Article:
Contrary to popular belief, people with all types of disabilities can and do need to exercise just like everyone else. Disabilities set aside, we have the same need to exercise in order to maintain good fitness and health. It is even more important considering that people with disabilities are less likely to participate in any form of exercise plan. Combined with a high unemployment rate and – in some cases – isolation from the community or other social activities, the sedentary lifestyle of many people with disabilities can lead to poor fitness, obesity and health complications like hypertension and diabetes.

Making gyms accessible is not as hard as it might seem. Simply moving equipment around to give someone in a wheelchair enough room to transfer might be all a customer with a physical disability needs to be able to access the exercise equipment. Someone who is blind or has low vision might benefit from one-on-one, hands-on instruction from a personal trainer, and large print and Braille labels will allow him or her to operate exercise machines independently. By adopting policies similar to that of LA Fitness, those with disabilities who require someone’s assistance will allow these individuals to partake in all the facility has to offer. To me, it is all a matter of finding creative, and often simple, accessibility solutions.

People with disabilities have the same right to exercise and be fit and healthy. Not only does working out help us obtain good health, but it also gives everyone a great opportunity to socialize and meet others. Gyms should create an accessible and welcoming environment for people with disabilities. By doing this, they will both comply with the law, and help an often overlooked community maintain good health and create more social opportunities. In what other ways can gyms be made more accessible and inclusive of people with disabilities? Please share your thoughts!

Commentary: Making Classroom Technology Accessible for All

Last week, the Federal government and Miami University in Ohio reached an agreement to provide access and equal opportunity to activities and classes for students with disabilities. The lawsuit – which came from a student who is blind – accused Miami University of failing to provide accommodations to students with disabilities and violating the Americans with Disabilities Act. Among other things, Miami University will make accessibility improvements in the technologies it currently uses, as well as meet with students with disabilities in order to develop a plan to make accommodations for each student.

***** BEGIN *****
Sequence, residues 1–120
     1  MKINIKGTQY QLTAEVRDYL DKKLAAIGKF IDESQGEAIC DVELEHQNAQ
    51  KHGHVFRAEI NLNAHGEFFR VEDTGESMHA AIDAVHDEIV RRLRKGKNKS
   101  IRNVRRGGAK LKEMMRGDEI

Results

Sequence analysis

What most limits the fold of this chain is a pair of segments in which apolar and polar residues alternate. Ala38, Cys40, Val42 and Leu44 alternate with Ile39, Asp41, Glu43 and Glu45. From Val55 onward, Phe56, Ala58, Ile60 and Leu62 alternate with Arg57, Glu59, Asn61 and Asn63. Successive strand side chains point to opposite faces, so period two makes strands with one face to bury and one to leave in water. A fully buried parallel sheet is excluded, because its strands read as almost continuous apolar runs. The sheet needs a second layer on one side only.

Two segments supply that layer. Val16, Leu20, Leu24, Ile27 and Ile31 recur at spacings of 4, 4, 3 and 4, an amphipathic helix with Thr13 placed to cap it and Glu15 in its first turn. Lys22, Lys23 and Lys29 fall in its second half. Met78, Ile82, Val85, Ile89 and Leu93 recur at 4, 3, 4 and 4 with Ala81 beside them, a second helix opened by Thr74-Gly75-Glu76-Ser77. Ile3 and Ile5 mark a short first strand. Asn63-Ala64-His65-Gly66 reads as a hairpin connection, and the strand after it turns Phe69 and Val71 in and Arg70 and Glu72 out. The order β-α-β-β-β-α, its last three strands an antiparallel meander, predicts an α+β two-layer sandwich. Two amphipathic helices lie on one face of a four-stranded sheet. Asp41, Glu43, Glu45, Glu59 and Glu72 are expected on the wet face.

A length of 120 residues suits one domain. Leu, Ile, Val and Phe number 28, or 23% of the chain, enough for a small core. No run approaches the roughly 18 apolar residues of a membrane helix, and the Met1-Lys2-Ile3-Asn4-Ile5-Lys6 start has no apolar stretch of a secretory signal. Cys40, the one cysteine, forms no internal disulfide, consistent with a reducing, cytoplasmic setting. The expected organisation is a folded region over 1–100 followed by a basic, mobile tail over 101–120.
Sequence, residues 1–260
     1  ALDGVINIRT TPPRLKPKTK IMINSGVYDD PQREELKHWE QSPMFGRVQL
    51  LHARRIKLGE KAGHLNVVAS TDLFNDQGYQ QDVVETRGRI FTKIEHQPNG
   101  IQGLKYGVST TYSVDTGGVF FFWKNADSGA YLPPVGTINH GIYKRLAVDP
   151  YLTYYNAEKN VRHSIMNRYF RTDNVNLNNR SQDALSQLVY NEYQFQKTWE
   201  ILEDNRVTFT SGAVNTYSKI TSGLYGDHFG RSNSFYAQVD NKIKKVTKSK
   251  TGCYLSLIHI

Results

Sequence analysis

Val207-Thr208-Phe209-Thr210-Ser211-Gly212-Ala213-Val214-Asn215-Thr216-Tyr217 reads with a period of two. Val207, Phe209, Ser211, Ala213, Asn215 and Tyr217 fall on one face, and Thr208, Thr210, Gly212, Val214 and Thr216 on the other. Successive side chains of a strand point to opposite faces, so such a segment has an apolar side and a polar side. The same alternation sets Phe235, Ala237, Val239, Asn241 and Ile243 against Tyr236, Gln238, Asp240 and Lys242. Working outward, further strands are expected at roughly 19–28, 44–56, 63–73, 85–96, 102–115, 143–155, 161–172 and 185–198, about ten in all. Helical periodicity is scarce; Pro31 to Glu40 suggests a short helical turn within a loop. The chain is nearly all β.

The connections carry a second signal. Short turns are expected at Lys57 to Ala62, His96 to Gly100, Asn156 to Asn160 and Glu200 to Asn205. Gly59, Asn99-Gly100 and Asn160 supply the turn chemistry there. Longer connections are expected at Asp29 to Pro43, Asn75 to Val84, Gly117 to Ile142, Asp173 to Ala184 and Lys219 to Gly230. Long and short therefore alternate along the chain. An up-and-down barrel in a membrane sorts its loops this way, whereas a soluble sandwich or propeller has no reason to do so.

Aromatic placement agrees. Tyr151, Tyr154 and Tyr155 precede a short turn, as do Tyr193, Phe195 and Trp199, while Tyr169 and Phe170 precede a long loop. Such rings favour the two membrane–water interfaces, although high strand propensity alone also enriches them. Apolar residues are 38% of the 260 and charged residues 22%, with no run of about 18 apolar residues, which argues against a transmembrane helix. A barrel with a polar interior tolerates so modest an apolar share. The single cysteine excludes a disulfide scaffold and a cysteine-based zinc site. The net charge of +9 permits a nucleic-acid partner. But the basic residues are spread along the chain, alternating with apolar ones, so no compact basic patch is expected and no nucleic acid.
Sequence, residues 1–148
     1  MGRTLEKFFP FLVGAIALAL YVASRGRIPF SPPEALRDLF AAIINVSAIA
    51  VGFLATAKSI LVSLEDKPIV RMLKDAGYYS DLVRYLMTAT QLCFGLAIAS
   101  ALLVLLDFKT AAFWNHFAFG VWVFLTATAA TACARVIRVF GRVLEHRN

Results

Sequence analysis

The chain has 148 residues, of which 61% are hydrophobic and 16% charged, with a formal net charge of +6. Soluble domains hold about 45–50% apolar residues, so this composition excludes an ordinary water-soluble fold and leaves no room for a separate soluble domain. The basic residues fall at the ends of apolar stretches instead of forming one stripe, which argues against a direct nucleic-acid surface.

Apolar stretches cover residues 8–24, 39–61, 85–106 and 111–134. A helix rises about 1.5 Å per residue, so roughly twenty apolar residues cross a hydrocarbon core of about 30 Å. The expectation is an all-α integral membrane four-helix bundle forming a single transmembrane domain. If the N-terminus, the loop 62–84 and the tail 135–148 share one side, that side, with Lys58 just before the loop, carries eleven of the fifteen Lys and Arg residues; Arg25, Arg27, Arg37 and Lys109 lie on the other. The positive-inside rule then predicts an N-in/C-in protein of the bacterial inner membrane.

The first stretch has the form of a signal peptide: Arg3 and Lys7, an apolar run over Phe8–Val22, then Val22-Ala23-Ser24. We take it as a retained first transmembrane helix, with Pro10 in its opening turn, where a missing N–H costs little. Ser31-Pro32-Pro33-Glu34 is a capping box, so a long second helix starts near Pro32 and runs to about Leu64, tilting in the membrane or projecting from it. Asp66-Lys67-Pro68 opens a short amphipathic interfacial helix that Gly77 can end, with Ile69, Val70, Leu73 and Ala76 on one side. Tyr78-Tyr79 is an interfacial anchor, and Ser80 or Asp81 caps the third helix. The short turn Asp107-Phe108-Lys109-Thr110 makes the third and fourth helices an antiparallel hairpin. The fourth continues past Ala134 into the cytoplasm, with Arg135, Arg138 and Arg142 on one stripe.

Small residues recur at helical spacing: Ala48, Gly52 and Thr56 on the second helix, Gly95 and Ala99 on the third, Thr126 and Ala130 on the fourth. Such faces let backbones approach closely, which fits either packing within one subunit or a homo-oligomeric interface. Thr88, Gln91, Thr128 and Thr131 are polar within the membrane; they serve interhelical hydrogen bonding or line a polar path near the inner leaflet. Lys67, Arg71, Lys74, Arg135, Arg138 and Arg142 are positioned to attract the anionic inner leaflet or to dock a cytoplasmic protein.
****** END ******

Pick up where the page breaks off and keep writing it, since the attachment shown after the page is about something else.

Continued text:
Many people might wonder why there is still an accessibility problem in colleges and other facilities. After all, the ADA has been around for 26 years, so surely colleges and universities have all implemented changes to make buildings more accessible. This is accurate in the sense that many schools throughout the United States have installed ramps, elevators, Braille signs and wide entrances. Since the ADA was passed into law in 1990, it does not include accessibility standards for modern technology. Although independent organizations have developed standards to make websites more accessible, for example, few businesses or institutions adopt them, often because they are unaware they exist.

I know all too well about how inaccessible technology can present challenges to college students who are blind, because I myself experienced this situation in school. While my classmates could easily log on to computers in the library or computer lab, I would often show up just to find out that screen-reading technology was nonexistent on those machines. In other words, even finding an accessible computer can be difficult, often impossible, for students with disabilities. I was lucky to have my own accessible laptop, but there were still times when I desperately needed to do school work on another computer. The time when my laptop crashed right before finals is the first instance that comes to mind!

In today’s day and age, assistive technology helps people with disabilities be more independent and successful. Thanks to it, we can go to school, have jobs and be involved in social activities. Screen-reading and magnifying technology allows those of us with vision loss to use computers, smartphones and tablets just like everyone else. Technology is becoming more and more important in today’s world, and that is why schools should always consider the accessibility needs of its students with disabilities. Like anyone else, they want and deserve a positive experience while pursuing their education.

I hope that this agreement between Miami University and the Federal government will help create more awareness for other schools regarding the accessibility of their classes and other activities. This will in turn create a more inclusive and welcoming environment for all students.

Top 5 Benefits of Hiring People with Disabilities

October is national disability and employment awareness month. During the entire month, numerous organizations and advocacy groups throughout the United States hold events to promote and educate employers about hiring of people with disabilities. Below are what many consider to be some of the many reasons and benefits of hiring and including people with vision loss or other disabilities in the workforce.

  1. People with disabilities are reliable employees and have an overall higher job retention rate.

Many studies have shown that people with disabilities take less absence days, and that they are more likely to stay on the job longer than non-disabled workers. Recently, The Chicago Lighthouse studied the retention rate of employees in itsIllinois Tollway call center, which employs people who are blind, visually impaired, disabled and Veterans (as well as people without disabilities.) On average, the employees with vision loss or other disabilities and Veterans had a retention rate of 1.7 years. In contrast, the retention rate for employees without disabilities or that were not Veterans was only 0.9 years.

  1. Employees with disabilities are less likely to get into work related accidents.